Things get nutty though when we meet Varg Vikernes, aka Count Grishnackh, the sole member his influential band “Burzum”. He was tried for the murder of his friend “Euronymous”, another black metal musician in 1993, with the interviews taking place inside his very nice looking prison cell (curtains over the windows and a computer on a desk). He was released from prison on bail not long after actually, he served only 14 years of his 21 year sentence. At one point he very matter of factly describes the murder which up to a point seemed to be in self-defense. But, the description takes a dark turn when he describes the actual stabbing, and well, from then he seemed more than just a bit odd. He is though a very well-spoken and obviously intelligent guy with strong convictions. He now lives in France with his wife and son, and has a regular YouTube channel. I watched one and was again impressed by his intelligence, and he seems very like-able. However, his nonchalant way of saying “After I had killed Euronymous…” (2:51) it makes you wonder if releasing him was a good idea. He was also convicted for burning three churches back in the day.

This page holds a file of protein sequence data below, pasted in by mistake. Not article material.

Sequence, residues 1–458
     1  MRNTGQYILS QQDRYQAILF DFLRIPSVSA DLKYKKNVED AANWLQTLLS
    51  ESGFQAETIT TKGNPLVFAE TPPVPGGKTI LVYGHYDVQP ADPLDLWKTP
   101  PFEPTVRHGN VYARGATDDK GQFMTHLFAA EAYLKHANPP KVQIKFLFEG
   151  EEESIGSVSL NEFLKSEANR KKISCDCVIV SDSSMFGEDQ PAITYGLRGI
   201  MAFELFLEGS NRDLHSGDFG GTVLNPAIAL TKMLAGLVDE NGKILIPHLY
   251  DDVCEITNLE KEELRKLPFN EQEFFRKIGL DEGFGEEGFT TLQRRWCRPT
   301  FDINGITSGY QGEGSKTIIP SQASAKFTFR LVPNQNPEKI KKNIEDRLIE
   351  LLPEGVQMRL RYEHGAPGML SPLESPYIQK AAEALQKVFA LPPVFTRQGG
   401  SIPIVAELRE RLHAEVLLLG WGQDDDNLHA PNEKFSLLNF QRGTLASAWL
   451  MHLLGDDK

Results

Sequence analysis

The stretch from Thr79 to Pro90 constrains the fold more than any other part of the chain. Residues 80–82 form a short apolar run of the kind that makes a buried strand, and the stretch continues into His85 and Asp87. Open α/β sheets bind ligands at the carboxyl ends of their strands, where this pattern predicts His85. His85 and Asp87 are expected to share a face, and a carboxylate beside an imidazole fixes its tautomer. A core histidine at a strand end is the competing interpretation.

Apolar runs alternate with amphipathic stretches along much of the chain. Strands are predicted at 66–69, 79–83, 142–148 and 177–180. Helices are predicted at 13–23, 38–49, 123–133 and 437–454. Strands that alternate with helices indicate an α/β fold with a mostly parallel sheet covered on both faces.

Varg reacting to his guilty sentence.

A lot of the film is quite dark as it was filmed in the Norwegian winter, I don’t know if I could stand that. I guess the constant darkness partly explains how black metal came about, but there are obviously other factors. Norway seems to be a very conservative place.

There is some criticism that the film makers did not question or push their interviewees on why they did what they did which is fair, it was all very one-sided really. But even so, it was a very fascinating look at a genre of music that I still have little interest in, but at least I know a little more about.

Next up: a documentary about Gary Numan.

Date watched: May 11th
Score: 8/10
Film count 2018: 32